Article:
Now that you have identified the following in your GDPR project:
… let’s move into the third step.
Understanding what needs to be done.
At this point, you have completed the mapping and covered the right areas at the right level of detail. Chances are good that you have found some obvious challenges.
Some of these examples might seem familiar. Perhaps you:
- are unsure of exactly why you collect certain data,
- communicate with your customers in a way that does not match reality,
- do not have all the necessary agreements in place with data processors,
- keep personal data even though you don’t need it (perhaps it is not even technically possible to delete the data!)
If you process personal data – which you do – then you will find challenges.
Once you have found your gaps, you can decide on actions, prioritise them and plan the next steps.
Greatest risks should be handled first, but it is important to understand all the various impacts. For instance, if you need to fundamentally rebuild your technical infrastructure to make possible for data subjects to exercise their rights, you might need to prioritize this work.
But also, updating your privacy notice to describe how data is used in a more transparent manner is important. Both for compliance reasons and to proactively manage your brand and reputation.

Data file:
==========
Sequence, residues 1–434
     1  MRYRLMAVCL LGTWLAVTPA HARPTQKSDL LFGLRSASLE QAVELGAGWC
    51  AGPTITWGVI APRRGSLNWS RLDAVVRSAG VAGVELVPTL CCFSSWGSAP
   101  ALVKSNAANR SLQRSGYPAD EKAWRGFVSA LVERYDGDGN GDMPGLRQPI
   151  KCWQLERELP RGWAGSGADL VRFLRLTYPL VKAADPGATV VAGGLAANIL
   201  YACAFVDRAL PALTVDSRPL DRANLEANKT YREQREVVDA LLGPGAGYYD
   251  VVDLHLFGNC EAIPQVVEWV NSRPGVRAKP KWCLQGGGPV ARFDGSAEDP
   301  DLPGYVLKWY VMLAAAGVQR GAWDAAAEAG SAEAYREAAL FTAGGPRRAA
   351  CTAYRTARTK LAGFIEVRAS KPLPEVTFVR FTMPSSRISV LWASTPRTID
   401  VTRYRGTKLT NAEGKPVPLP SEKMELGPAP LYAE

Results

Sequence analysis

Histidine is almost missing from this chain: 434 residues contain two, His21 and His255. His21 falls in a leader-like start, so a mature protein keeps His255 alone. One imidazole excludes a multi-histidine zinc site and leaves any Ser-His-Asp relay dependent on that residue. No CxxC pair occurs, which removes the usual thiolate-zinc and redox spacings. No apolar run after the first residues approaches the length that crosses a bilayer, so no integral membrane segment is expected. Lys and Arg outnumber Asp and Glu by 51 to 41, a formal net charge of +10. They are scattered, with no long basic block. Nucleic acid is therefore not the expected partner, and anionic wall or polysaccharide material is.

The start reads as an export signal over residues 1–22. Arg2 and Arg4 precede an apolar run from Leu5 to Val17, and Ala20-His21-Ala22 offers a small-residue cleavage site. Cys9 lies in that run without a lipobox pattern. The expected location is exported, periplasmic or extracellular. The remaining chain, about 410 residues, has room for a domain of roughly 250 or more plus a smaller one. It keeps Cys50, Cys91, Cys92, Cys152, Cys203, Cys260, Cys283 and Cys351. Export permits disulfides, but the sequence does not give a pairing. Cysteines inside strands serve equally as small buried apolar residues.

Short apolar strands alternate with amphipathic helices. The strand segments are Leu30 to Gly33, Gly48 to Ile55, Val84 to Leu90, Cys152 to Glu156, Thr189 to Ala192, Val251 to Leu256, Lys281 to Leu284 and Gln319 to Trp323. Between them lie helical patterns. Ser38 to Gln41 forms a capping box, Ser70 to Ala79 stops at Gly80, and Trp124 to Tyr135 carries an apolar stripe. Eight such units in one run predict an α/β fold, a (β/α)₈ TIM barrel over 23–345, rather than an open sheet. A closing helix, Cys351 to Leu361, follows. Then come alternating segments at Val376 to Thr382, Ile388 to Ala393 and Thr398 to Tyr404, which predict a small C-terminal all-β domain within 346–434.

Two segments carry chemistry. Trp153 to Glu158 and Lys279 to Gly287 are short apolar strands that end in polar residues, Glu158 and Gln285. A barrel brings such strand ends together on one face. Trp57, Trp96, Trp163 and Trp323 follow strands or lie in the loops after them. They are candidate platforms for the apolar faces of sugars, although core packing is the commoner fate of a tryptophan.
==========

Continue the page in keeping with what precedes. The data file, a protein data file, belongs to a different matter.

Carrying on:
Make sure to document the reasoning behind your priorities.
A risk-based approach and well thought through plan for your actions is a good way to demonstrate accountability relative to supervisory authorities.
Remember: The best defense in case of a compliance breach is if you can say “Yes we knew about it, and we have an appropriate plan for how to remediate.”
You will still have breached the rules, but it will show that you are moving in the right direction.
Note that in the process of mapping your data, and assessing that in relation to the GDPR, you need legal expertise involved. It is not always easy to determine what constitutes personal data. Or to know if a purpose is legitimate or not, if a consent is valid or not, or who the data controller or data processor is.
Note that you will also need information security expertise to assess if you have appropriate security measures in place for your GDPR project, or what new ones should be applied.
We will look at this further in step 4 (coming soon).